In a move that a Forbes Magazine article called a “boon to the well off” DFL Governor Mark Dayton, along with the DFL controlled Senate and House passed a “Tax Relief” bill with almost no opposition. The bill passed the Minnesota Senate on a 58-5 vote, and the House of Representatives with a vote of 126-2.
While Dayton ran his campaign on ‘tax the rich’ in order to win election, some of the provisions of this bill roll back taxes unpopular with Minnesota’s most wealthy individuals.
Dayton signed this bill part of which repealed, retroactively, Minnesota’s Gift Tax. Before the repeal, the Gift Tax allowed an individual to ‘gift’ $14,000 per year to each child, child’s spouse, and children of the child, with a lifetime cap of $1 million before the ‘hated tax’ even kicked in, after which the donor would have had to pay a 10% tax on the gifted amount ($2 million cap including the donor’s spouse). Clearly not a tax at a level that would effect more than a small number of the wealthiest Minnesotans.
Also included in the bill signed by Dayton were changes to the Estate Tax, which raises the exemption in Minnesota (the amount an individual can leave at death before taxes apply) from $1 million to $1.2 million, again retroactively, and will raise the exemption to $2 million by 2018.
These moves, when viewed in context of a DFL controlled Governor, Senate and House that cannot in the past two sessions agree to raise the minimum wage to a paltry $9.50/ hour demonstrate again that working people cannot rely on the DFL as a champion. Raising the minimum wage to $9.50, while completely inadequate, is nonetheless a change that would benefit somewhere around 500,000 Minnesotans.
These half a million are the lowest paid amongst us, hard-working people doing socially necessary work and yet our elected officials can’t seem to bring themselves to agreement to provide even modest relief for them. Yet, when confronted with an opportunity to repeal taxation on the wealthiest amongst us (a much smaller, not to mention less vulnerable population), our elected officials can reach near unanimous agreement, with the only complaints heard amongst them that we ‘haven’t cut the taxes enough’!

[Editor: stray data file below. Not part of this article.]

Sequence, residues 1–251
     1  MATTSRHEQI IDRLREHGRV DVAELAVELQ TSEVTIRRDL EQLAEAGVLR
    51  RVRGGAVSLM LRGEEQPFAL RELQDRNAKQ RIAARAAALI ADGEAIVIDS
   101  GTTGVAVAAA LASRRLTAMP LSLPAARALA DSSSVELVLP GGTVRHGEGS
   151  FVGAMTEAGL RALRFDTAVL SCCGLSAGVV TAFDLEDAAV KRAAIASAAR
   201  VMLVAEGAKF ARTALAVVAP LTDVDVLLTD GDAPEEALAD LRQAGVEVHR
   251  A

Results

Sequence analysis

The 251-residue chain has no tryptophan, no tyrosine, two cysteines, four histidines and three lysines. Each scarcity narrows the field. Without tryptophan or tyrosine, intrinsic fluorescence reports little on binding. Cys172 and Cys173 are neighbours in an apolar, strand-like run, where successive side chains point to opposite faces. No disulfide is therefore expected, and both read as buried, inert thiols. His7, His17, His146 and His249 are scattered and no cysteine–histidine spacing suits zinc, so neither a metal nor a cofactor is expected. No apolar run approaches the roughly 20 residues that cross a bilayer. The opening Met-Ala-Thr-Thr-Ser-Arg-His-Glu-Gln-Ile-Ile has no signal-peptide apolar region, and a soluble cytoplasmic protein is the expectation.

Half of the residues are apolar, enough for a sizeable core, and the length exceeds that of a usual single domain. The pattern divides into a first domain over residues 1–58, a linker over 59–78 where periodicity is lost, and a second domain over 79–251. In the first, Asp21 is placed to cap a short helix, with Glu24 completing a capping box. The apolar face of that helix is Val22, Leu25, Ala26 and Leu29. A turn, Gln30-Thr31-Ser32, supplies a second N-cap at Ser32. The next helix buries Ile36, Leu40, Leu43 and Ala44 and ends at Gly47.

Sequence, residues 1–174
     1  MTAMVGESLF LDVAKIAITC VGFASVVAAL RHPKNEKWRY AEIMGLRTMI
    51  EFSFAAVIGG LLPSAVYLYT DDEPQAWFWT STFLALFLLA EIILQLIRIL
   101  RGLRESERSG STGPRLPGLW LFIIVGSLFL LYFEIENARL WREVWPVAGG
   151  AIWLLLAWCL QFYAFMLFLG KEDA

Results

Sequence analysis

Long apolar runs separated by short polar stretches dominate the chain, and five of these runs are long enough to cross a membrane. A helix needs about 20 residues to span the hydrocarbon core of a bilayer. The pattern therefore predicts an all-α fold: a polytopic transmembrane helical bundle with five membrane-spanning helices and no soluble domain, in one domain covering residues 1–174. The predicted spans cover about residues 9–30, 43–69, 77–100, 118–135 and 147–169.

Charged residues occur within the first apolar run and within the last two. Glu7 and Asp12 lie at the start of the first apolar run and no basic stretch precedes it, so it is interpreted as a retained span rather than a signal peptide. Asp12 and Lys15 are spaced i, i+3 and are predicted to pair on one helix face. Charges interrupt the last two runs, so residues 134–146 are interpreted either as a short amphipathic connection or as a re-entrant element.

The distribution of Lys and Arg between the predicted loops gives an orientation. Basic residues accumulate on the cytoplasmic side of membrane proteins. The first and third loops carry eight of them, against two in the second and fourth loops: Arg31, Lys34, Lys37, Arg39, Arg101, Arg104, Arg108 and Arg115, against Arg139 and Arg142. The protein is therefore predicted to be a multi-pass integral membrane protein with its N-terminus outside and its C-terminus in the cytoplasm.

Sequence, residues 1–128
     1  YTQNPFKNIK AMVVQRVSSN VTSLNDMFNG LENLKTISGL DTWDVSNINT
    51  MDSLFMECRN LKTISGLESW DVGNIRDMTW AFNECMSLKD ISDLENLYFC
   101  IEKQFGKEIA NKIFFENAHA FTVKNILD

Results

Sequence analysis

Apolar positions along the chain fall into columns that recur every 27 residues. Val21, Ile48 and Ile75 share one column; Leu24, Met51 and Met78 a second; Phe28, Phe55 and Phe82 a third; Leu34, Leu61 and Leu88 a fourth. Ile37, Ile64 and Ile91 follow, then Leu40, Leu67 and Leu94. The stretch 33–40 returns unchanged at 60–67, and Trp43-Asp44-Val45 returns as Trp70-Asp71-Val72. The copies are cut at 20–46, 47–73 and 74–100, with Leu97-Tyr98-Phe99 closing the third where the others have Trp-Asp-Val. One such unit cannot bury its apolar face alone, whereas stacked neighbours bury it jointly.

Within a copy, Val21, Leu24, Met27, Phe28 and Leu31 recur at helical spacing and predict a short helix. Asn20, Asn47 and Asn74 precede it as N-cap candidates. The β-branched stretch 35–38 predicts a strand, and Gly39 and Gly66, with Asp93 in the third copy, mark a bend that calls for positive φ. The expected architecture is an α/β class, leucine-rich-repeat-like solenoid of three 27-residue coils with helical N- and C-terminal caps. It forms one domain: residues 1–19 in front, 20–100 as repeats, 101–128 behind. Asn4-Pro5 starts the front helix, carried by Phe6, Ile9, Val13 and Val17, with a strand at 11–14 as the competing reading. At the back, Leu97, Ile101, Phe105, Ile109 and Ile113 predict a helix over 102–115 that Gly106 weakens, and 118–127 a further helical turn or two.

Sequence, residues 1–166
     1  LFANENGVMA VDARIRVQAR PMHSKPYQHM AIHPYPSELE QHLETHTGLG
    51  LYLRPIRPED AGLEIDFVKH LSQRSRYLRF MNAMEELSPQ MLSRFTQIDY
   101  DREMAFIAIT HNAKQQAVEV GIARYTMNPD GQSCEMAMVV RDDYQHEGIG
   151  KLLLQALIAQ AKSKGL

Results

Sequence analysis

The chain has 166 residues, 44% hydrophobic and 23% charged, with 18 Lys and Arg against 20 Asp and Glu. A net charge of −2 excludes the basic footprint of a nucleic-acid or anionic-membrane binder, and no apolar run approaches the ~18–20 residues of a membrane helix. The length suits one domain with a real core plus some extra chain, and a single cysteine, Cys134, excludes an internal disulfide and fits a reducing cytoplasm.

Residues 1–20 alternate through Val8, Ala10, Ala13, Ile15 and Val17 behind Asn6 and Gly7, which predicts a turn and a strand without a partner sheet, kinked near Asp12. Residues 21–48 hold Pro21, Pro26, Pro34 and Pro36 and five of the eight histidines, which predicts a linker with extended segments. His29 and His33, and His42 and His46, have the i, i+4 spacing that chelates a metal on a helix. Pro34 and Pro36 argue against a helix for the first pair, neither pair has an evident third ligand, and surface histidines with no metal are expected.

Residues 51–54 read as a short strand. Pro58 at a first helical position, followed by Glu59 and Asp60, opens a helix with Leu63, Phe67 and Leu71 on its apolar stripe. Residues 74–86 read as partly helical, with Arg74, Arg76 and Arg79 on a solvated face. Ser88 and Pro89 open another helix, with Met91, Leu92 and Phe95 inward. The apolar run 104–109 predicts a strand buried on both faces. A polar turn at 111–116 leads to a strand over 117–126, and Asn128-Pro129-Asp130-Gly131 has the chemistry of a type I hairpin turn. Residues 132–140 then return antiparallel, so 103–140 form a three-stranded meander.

In a time when:
Corporate and wealthy individuals profits are at an all time high, and according to some estimates 95% of the gains since the recovery have gone to the top percentile of American ‘earners.’
Workers wages (as a percentage of GDP) are at an all time low.
Over the past 12 years, median household income fell by $9,934 in the Twin Cities, a decline of 13.1%.
How can it be that elected officials, going into an election year, can find the ability to agree to provide ‘relief’ to the wealthiest, while unable to take positive steps to benefit a much larger percentage of the public they represent?
The problem is that even as the DFL ‘representatives’ see themselves as fighting for the working person, against corporate power, etc. they in fact owe their political careers (and power) to a party machine that is itself dependent upon the largess of the very same powers they picture themselves fighting against. This makes it all but impossible for them to move beyond what is politically ‘safe’ in the context of that dependency. People elected in this fashion are constrained to fight for those they try to represent within the ‘practical’ boundaries prescribed by the system in which they are themselves entrenched.
How often have we, the working people, heard variations on: “it’s not enough, but we have to be practical and take what we can get”?
How long will we accept that? Perhaps most important, what is the alternative?
Every election cycle we as working class voters are too often faced with choosing between a candidate that is completely opposed to policies that are in the interest of the working class people, and one that speaks vaguely to our interests, but ultimately fails to come through for us in governance.
The current system, by its nature, causes a tendency to divide the vast majority of us, the working class, into smaller and smaller groupings. As we are forced to ‘compete’ for an ever shrinking piece of the economic pie, we seem to have to make unpleasant ‘practical choices.’ Choose between providing a decent standard of living for our elderly as they retire, or quality education for our youth. Between providing for the disadvantaged and the disabled and paying a decent wage to those that provide those services. Between jobs and the protection of our environment.
Socialist Alternative advocates for breaking out of this cycle by forming a mass workers’ party drawing together workers, young people and activists from workplace, community, civil rights, environmental and antiwar campaigns, to provide a fighting, political alternative to the corporate and business controlled Democratic and Republican parties.
Unions and other social movement organizations should stop funding and supporting the Democratic and Republican Parties in the vain hope of getting some small measure of support. They should instead organize independent left-wing, anti-corporate candidates and coalitions as a first step toward building this workers’ party.
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